After four tumultuous years under the far-right rule of President Jair Bolsonaro, Brazilian voters narrowly elected the leftist Luiz Inácio Lula da Silva, known simply as Lula, to lead the country as its next president.
Environmental advocates worldwide have celebrated the news as a major victory - especially for the Amazon rainforest, which serves as an important carbon sink and fosters millions of species, many of which are found nowhere else on Earth. Under Bolsonaro, often referred to as Brazil's Trump, Amazon deforestation spiked to record levels by expanding agriculture, logging, and illegal mining - let rip by Bolsonaro's view that the Amazon existed to be exploited. Approximately 17 percent of the Amazon is now gone.
Lula, who previously led Brazil as president from 2003 to 2010, pledged in his victory speech to reverse this degradation of the 'planets lungs', saying: “Brazil is ready to resume its leading role in the fight against the climate crisis, protecting all our biomes, especially the Amazon rainforest.” The good news is that he has good form on this, overseeing a significant decline in deforestation during his previous time as president.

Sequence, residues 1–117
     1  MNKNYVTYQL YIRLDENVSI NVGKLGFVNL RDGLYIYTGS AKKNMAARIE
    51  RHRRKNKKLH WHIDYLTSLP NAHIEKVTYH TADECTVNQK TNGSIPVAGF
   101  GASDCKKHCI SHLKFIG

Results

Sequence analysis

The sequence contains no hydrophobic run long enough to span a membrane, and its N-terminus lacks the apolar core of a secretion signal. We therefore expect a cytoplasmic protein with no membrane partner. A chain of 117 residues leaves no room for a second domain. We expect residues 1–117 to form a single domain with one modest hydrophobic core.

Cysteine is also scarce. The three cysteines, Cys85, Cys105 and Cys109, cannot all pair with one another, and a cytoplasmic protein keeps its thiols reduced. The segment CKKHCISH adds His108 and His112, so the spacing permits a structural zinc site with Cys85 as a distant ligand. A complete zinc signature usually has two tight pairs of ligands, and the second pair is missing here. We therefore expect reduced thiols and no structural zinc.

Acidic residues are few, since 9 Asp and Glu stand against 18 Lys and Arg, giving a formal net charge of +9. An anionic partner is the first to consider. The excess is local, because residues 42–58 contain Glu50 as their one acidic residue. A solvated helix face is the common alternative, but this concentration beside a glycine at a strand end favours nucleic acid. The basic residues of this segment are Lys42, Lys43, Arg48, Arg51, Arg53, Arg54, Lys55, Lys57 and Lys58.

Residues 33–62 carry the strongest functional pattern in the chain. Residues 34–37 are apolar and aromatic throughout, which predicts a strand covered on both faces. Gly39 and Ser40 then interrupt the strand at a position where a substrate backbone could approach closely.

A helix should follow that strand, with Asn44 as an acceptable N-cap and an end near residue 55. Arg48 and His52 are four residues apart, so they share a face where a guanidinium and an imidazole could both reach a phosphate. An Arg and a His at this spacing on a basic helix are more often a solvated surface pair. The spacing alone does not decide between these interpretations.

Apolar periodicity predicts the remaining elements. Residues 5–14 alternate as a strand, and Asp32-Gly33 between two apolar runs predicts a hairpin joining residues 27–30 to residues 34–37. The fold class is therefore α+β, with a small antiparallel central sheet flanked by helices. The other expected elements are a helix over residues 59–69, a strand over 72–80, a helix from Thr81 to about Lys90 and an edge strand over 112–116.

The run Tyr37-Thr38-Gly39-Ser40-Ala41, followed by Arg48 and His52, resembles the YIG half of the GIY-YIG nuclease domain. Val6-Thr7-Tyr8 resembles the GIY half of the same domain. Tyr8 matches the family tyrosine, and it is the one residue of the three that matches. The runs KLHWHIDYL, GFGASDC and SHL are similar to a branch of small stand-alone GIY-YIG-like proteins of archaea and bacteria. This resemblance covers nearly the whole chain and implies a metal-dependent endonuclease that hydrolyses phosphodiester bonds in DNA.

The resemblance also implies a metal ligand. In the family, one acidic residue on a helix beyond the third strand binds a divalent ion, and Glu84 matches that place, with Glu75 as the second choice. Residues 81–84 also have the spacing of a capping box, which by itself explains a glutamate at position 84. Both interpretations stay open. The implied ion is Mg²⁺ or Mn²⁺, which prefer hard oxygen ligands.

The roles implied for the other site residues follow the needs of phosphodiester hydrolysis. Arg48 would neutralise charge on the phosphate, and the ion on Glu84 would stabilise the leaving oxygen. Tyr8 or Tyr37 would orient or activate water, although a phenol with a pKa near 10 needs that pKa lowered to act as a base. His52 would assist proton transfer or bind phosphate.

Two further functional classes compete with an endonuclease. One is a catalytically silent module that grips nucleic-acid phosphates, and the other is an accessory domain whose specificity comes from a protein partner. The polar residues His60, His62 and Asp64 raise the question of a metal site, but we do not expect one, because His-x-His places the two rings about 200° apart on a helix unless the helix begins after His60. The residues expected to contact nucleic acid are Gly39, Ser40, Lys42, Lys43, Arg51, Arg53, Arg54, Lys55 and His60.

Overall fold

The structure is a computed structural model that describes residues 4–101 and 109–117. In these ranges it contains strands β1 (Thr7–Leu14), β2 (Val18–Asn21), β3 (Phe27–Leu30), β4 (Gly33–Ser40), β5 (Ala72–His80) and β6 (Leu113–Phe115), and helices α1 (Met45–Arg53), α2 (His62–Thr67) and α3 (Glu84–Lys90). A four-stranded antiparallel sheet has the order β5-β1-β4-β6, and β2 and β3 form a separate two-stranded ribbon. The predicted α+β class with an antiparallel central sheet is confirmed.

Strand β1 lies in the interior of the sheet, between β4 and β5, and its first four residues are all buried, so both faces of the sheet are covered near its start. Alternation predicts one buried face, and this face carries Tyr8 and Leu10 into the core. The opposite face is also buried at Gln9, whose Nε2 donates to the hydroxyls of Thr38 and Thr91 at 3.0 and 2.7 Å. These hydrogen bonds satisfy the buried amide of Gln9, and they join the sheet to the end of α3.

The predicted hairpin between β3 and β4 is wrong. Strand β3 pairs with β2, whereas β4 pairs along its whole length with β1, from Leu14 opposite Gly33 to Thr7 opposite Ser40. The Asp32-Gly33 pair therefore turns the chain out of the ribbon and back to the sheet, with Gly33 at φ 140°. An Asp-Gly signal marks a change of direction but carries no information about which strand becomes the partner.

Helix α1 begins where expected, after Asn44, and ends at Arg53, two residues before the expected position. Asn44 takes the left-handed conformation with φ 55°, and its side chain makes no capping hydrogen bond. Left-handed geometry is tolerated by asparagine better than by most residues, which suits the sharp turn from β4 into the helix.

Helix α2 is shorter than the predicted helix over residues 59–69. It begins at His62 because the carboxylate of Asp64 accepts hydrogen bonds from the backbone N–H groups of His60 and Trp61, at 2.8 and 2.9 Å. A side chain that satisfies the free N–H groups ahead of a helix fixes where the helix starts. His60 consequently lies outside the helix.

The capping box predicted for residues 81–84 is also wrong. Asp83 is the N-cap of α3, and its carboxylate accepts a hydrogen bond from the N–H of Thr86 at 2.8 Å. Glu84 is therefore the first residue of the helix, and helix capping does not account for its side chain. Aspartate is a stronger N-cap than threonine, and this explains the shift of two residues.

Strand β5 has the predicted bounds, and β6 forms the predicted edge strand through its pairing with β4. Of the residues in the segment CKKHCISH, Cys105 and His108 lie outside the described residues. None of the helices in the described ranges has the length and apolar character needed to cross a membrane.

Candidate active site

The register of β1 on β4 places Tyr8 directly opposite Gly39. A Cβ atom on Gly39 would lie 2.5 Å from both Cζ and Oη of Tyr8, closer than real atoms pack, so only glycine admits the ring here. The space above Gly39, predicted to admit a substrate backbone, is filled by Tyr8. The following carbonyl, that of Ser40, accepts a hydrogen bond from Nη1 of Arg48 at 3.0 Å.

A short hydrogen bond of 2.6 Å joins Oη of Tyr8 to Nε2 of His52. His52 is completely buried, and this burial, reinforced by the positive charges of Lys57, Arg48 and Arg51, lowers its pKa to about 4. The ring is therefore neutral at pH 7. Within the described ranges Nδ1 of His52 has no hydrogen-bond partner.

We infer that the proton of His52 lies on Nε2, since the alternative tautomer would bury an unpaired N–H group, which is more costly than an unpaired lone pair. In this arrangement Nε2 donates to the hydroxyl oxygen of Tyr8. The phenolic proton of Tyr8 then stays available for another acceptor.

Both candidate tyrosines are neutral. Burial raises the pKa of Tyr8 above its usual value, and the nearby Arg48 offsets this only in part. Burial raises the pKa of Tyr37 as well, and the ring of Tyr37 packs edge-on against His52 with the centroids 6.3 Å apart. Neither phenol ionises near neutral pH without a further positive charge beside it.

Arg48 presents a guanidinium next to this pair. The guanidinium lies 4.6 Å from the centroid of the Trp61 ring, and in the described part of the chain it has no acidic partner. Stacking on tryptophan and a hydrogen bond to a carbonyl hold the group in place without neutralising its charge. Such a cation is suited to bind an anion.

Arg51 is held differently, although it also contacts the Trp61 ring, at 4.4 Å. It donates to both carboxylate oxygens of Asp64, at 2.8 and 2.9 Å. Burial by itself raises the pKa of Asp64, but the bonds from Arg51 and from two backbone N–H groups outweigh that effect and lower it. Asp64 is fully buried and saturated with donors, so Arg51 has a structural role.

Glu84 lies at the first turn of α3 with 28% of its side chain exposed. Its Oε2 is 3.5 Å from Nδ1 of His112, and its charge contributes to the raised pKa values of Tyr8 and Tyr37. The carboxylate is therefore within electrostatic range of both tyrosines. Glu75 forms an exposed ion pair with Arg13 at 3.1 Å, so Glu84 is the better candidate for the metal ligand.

A recent analysis conducted for Carbon Brief estimates that if Lula follows through with pledges to combat illegal deforestation, his victory could slash Amazon deforestation by 89 percent over the next decade - saving an area slightly larger than the Republic of Ireland or slightly smaller than the U.S. state of South Carolina.
However, it won't be easy. Bolsonaro’s right-wing Liberal Party, a major ally to the agribusinesses driving Amazon deforestation, still controls the Brazilian Congress, and the country is in the middle of an economic crisis. But, at last, there are reasons for some optimism.
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